Before long the band had attracted the attention of producer Mutt Lange, who had recently helped AC/DC to superstar status with their Back in Black album. Working with Lange on their second album, High ‘N’ Dry, Def Leppard was able to realize their vision for the band, and Lange’s meticulous attention to detail helped them to craft an album that gave their rock-style power a more precise and radio-ready polish. Released in July of 1981, High ‘N’ Dry also benefited from the presence of the new music channel MTV, and their video for “Bringin’ on the Heartache” was one of the first metal videos aired and was given heavy rotation. The band also toured heavily, winning opening slots on tours with Ozzy Osbourne and Blackfoot.
Going into the studio to follow up on the success of High ‘N’ Dry, the band faced the unpleasant task of firing founding guitarist Pete Willis, whose excessive drinking was affecting his performance (Berelian). Guitarist Phil Collen, formerly of the band Girl, stepped in to take his place.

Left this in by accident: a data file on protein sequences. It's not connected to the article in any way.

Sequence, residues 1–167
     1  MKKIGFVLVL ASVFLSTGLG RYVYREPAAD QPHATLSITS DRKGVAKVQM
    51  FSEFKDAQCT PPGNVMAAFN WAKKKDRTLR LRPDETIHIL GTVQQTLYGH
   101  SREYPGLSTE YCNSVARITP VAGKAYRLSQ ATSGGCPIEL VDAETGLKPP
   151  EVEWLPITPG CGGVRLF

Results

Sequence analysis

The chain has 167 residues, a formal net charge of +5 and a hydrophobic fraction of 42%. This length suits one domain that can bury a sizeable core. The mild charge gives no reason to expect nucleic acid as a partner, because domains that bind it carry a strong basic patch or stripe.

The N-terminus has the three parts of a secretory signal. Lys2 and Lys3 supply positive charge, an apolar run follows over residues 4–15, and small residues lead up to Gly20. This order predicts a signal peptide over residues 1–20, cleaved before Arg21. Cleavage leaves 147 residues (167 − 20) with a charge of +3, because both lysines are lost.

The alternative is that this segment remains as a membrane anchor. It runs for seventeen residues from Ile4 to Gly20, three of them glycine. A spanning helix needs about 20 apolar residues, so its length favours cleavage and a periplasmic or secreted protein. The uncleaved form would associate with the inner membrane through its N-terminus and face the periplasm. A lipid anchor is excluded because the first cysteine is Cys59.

With 1983’s Pyromania (and with the help of producer Lange), the band’s formula of strong, hook-laden songs with larger-than-life production hit its stride. And with help again from MTV, the band became worldwide superstars and their songs became ubiquitous on the radio. “Photograph” was the album’s first single and became the most requested video on MTV. The song also dominated the U.S. rock charts for six weeks, and crossed over to the pop charts rising as high as number 12. It was followed by the singles “Rock of Ages” and “Foolin’,” which ultimately helped the album to sell six million copies in 1983 alone.
In preparation for Pyromania’s follow-up, Def Leppard relocated to Dublin (for tax purposes) and began working again with Mutt Lange. However, the overworked Lange backed out of songwriting sessions due to exhaustion, and songwriter/ producer Jim Steinman (of Meatloaf fame) was temporarily brought in to help out. Toward the end of the year, the band faced its most trying moment when drummer Rick Allen lost his left arm when his Corvette hit a stone wall at a high rate of speed. During Allen’s recovery, he was determined to try to continue drumming and practiced using his right hand, combining it with his feet. Ultimately, the rest of the band supported his efforts, and Allen contracted the Simmons electronic drum company to customize an electronic kit for him. When the band went back on tour, drummer Jeff Rich was initially hired to augment Allen, but was soon let go since Allen proved able to handle the job on his own.